There are not many RPGs that can satisfy my need to snoop through (mostly) abandoned locations and loot whatever I can find. Vaporum gives me one gigantic location with a lot of secret areas, lockers and containers to pillage from. Killing many enemies along the way and trying to stay alive is only a bonus.
Vaporum puts us into a place of unnamed castaway waking himself near a grim, gigantic tower. Still, it seems far more welcoming than the ocean we’re in. We set to explore its interior and soon enough we find one of the three available exosuits that we can hop in. Now it’s on us to uncover the rest of the story by exploring the tower, moving up and listening to occasional audio logs we find on our journey. Despite playing as one character during the game, we’ll hardly feel alone since our protagonist has a habit of narrating as we explore.
As we put on the exosuit and step deeper into the tower, we find out that we’re not exactly alone. The tower is a home to many enemies and traps. Enemies range from mechanical spiders & drones to mysterious humanoids and there is always a danger of falling into a pit if you’re not careful where you step on. To not make it so simple as going from one room to another, sometimes there are doors we need to open by finding a specific key or solve a puzzle. Regarding enemies, there are plenty of ways how to dispatch them. Our arsenal (that we build up from looting) ranges from melee weapons to guns and later on, we even get access to certain gadgets that we can equip on our exosuit. Some provide us useful defensive buffs while others can unleash devastating area effects on multiple enemies, which saved my life on more than one occasion. As for the weapons, there certainly is a lot to choose from. Blades, blunt weapons, pistols, two-handed rifles…..there is always something new to try on enemies and see which one brings them down easily. There’s no such thing as winning combination that you can set up and just steamroll through the game so a lot of times you’ll switch from various sets to deal with different enemy types. As you defeat them, they’ll drop a substance called “fumium”, which is just a fancy form of experience points. Getting a lot of fumium enables you to level up your exosuit and assign points to better weapon usage and defense.
Having a game in a steampunk setting with mechanical enemies was more than enough for me to start reminiscing about first Bioshock as I explored the tower. Nevertheless, Vaporum’s design and art contain a lot of its own identity. For a grid-based dungeon crawler, it manages to escape from repetitive level design and monotonous locations. There is a map that you can summon at any time but I rarely had any need for it since the levels and paths are easy to memorize. I never had a moment to think “hm, this room looks kinda the same as the one from 10 minutes ago, have I been here already?”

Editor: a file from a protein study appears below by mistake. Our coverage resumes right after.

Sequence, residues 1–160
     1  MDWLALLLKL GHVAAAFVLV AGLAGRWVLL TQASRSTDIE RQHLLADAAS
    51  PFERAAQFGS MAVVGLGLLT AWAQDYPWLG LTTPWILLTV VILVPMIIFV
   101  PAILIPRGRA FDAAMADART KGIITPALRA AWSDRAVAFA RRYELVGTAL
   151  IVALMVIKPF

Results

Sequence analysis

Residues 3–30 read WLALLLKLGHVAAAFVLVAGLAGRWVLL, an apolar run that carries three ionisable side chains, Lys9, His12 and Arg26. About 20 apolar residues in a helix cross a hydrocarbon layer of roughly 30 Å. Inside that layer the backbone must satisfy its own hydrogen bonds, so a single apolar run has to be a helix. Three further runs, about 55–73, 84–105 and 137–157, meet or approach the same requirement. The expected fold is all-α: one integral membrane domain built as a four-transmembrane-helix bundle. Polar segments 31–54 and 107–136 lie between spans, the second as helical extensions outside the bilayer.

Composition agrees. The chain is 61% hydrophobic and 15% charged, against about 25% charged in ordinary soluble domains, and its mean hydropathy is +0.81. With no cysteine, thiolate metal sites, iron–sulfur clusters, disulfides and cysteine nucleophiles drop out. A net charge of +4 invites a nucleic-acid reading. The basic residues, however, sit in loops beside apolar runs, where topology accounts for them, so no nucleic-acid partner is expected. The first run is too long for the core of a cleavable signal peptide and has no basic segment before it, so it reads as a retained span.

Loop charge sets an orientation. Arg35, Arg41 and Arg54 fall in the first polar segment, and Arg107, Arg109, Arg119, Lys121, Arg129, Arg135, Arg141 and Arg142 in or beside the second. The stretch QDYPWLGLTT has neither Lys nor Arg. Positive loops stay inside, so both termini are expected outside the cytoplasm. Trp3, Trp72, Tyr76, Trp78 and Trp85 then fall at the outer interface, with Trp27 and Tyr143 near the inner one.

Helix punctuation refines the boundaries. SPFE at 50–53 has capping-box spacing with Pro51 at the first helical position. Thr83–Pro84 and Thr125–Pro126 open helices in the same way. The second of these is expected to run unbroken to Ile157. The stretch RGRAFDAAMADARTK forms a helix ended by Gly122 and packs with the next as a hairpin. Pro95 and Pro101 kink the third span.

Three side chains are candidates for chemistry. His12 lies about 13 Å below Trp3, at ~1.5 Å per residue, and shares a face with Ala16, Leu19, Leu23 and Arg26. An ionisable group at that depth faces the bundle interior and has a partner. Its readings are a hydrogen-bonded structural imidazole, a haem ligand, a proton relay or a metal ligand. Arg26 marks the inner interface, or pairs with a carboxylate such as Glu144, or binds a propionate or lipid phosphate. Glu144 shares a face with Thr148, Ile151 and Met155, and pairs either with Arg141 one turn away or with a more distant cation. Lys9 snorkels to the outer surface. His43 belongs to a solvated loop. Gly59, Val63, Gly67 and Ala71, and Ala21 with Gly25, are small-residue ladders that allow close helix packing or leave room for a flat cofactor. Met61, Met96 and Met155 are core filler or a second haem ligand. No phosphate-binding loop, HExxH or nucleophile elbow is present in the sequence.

Considering Vaporum hits all the good spots so far, I was slightly disappointed that I couldn’t find anything to say about the music. There’s hardly any of it as you explore but as I mentioned above, at least you’re not alone with the main character often narrating. There are some ambient sounds coming from broken pipes, electricity buzzing and they do a nice job of spicing up the atmosphere. There is an excellent theme on the main menu of the game so it makes me wonder why something similar wasn’t included at least during intense battles. On the bring side, the ambient audio does a superb job, especially at making me feel nervous at some points and culminating in self-inflicted jump scares. In 90% of times, there really was nothing behind my back (and in the room I just cleared) but it’s always something you realize far too late.
Vaporum is a tricky piece of work. On the surface, it doesn’t show anything to lure you in instantly. However, as you continue to play more, you catch that common virus of “just one more room to explore and loot”. Combat manages to be surprisingly intense, especially at later stages where you get to use a combination of gadgets along with standard attacks. It is a game that doesn’t try hard to pitch itself to you since the atmosphere and addictive gameplay speaks for itself. A lot of the gameplay elements click perfectly resulting in you spending hours exploring every nook and cranny it than you intended. Not that it’s a bad thing.
Capsule Computers review guidelines can be found here.